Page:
National Park Service Director Announces Healthy Foods Strategy
On April 7, National Park Service (NPS) Director Jon Jarvis announced a major new service-wide Healthy Foods Strategy, to provide healthy food options to all national park visitors.
Jarvis made the announcement as part of the Healthy Parks Healthy People US conference, a two-day forum in the Golden Gate National Recreation Area co-hosted by NPS, the Institute at the Golden Gate and the Golden Gate National Parks Conservancy. Attended by more than 100 leaders in health care, the environment, nonprofits, government and business, participants discussed how the NPS can most effectively help drive health and wellness initiatives in America’s local, state, and national parks, and how parks can promote healthy lifestyle changes.
“The food we eat plays a critical role in our health, and providing healthy food choices is one way the NPS is working to promote healthy lifestyles,” Jarvis said. “The Healthy Foods Strategy will help ensure that our 281 million annual visitors have access to healthy, sustainable, and high-quality food at reasonable prices, while reducing our overall impact on the environment.
“This initiative furthers one of our goals of Healthy Parks Healthy People US, to educate visitors on food and potentially influence the choices they make after they leave the parks,” Jarvis added.
The first step in the NPS Healthy Foods Strategy is a partnership with the Centers for Disease Control Epidemiological Service to conduct a baseline survey of the nutritional value of the food served in America’s national parks. In looking at the availability and cost of healthy foods in various regions of the country, NPS aims to make informed decisions regarding healthy foods in its concession operations and build healthy food requirements into concession contract requirements.
The NPS has already started evaluating the health and sustainability of the food served in parks. The new healthy and sustainable food program piloted at Muir Woods in the Golden Gate National Recreation Area is one of the first examples of how park concessions can effectively support healthy food choices. Food for the Parks, a new report featuring case studies from the National Park System, has been developed by the Golden Gate National Parks Conservancy’s Institute at the Golden Gate and is available for download at www.instituteatgoldengate.org/foodfortheparks.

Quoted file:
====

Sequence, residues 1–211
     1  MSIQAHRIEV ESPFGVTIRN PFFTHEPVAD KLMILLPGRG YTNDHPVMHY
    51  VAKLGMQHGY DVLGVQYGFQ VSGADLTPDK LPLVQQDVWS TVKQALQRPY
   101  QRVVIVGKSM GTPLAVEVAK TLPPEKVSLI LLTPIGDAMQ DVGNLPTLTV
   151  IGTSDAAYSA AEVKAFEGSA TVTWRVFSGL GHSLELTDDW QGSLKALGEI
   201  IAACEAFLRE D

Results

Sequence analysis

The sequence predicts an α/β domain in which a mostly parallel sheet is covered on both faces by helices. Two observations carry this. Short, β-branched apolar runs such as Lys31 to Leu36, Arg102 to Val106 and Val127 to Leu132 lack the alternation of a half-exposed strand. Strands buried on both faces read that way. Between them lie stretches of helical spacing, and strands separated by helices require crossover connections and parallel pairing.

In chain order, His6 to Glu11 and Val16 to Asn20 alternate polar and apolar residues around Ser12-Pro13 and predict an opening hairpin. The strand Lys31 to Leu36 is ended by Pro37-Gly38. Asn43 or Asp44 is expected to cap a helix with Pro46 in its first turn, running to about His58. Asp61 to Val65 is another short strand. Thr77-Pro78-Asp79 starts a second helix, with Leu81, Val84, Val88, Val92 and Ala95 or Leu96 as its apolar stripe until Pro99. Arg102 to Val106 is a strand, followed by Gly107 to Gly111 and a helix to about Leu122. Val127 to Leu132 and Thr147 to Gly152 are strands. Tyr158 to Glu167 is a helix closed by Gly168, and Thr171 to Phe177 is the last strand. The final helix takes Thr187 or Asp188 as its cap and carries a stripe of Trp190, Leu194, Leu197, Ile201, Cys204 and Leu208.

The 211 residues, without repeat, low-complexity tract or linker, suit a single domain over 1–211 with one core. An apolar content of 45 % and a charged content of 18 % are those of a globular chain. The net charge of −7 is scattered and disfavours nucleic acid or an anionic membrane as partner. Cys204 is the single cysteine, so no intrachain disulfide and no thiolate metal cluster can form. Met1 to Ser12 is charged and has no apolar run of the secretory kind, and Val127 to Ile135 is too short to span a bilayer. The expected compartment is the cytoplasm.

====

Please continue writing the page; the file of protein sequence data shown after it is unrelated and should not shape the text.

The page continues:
Modeled on the international Healthy Parks Healthy People movement that started in Australia, Healthy Parks Healthy People US complements President Obama’s America’s Great Outdoors initiative, a multi-agency effort that has sparked a national conversation on how to conserve open spaces and reconnect Americans to nature. In addition to its Healthy Foods Strategy, the NPS has expanded First Lady Michelle Obama’s Let’s Move program to include Let’s Move Outside Junior Ranger, and is also forging links with other relevant parks-inspired health programs, including Children & Nature, Park Prescriptions, Food for the Parks, No Child Left Inside, and others.
“America’s Great Outdoors promotes greater access to nature as a catalyst to better human and community health,” Jarvis said. Across the country,parks of all sizes are engaging in dialogues and developing programs with the healthcare community, and private sector partners including Kaiser Permanente, UnitedHealth Group and Sutter Health, have stepped forward in support of NPS goals.